He eventually passed the title of Grandmaster down to Masaaki Hatsumi, who has since "gone public" with the art, presumably so that it won't die in secrecy.  When Takamatsu died, even his close friends didn't know he was the grandmaster of the nine schools until they read it in his obituary.

Of course, Bujinkan has been covered on Human Weapon, a wonderful show where two guys go around the world taking crash courses in various martial arts and getting their asses handed to them.  Irritatingly, they call it "ninjitsu" at every turn - "jitsu" means "truth," "jutsu" means "technique."  Jerks.  But it's worth a little gaijin jackassery to see these guys go toe-to-toe with some hand-picked students.  I mean, sure, they score a few "points" against their opponents during the final showdown segment - but watch what happens one of the students hits one of the stars in the head (it's near the end, skip to 39:45 if you wanna jump right there):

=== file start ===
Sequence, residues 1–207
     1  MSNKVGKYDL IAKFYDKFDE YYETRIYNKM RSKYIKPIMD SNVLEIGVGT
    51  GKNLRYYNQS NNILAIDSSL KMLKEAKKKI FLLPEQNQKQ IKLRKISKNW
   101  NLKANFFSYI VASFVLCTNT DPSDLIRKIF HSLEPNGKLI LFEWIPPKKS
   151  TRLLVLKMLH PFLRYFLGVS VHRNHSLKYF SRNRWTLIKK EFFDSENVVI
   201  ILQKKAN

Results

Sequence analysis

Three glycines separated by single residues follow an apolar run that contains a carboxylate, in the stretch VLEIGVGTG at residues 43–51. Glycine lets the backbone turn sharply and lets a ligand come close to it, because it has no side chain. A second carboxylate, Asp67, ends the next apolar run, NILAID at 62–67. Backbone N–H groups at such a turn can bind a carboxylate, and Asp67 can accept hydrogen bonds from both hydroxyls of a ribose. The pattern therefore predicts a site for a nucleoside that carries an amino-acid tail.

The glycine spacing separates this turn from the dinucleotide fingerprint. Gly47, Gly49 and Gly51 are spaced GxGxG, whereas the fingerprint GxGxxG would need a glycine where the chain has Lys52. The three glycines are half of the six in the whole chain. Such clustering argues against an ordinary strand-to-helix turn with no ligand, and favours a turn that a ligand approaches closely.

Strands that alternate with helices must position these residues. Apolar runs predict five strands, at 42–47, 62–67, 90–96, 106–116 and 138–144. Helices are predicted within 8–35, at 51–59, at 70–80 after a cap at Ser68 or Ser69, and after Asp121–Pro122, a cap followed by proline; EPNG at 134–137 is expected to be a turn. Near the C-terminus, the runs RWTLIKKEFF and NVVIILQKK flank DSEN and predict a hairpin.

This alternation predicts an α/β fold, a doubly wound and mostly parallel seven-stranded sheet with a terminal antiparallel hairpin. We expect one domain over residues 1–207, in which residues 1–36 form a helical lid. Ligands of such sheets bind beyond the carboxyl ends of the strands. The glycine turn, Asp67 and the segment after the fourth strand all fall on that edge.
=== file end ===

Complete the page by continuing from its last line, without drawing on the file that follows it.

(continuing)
Learn an ancient, secret art in a week?  Dude, I got this.

Bruce, the student, asks Bill if he's all right - but Yost waves him off with gentle reproach.  If you watch the whole episode, you'll get a sense for Yost's subdued manner.  The message is clear:  "You damned fool!  These are friggin' actors, you should have more self-control!"  Silly ninja, letting a teevee contest get to his head...

4 comments:

Adam Lee said...

I have to admit to some skepticism about the story of Takamatsu - if even his friends didn't know he was the ninja grandmaster, how did the Yakuza know?

Zach L said...

Man, I miss Ninjutsu so bad.

D said...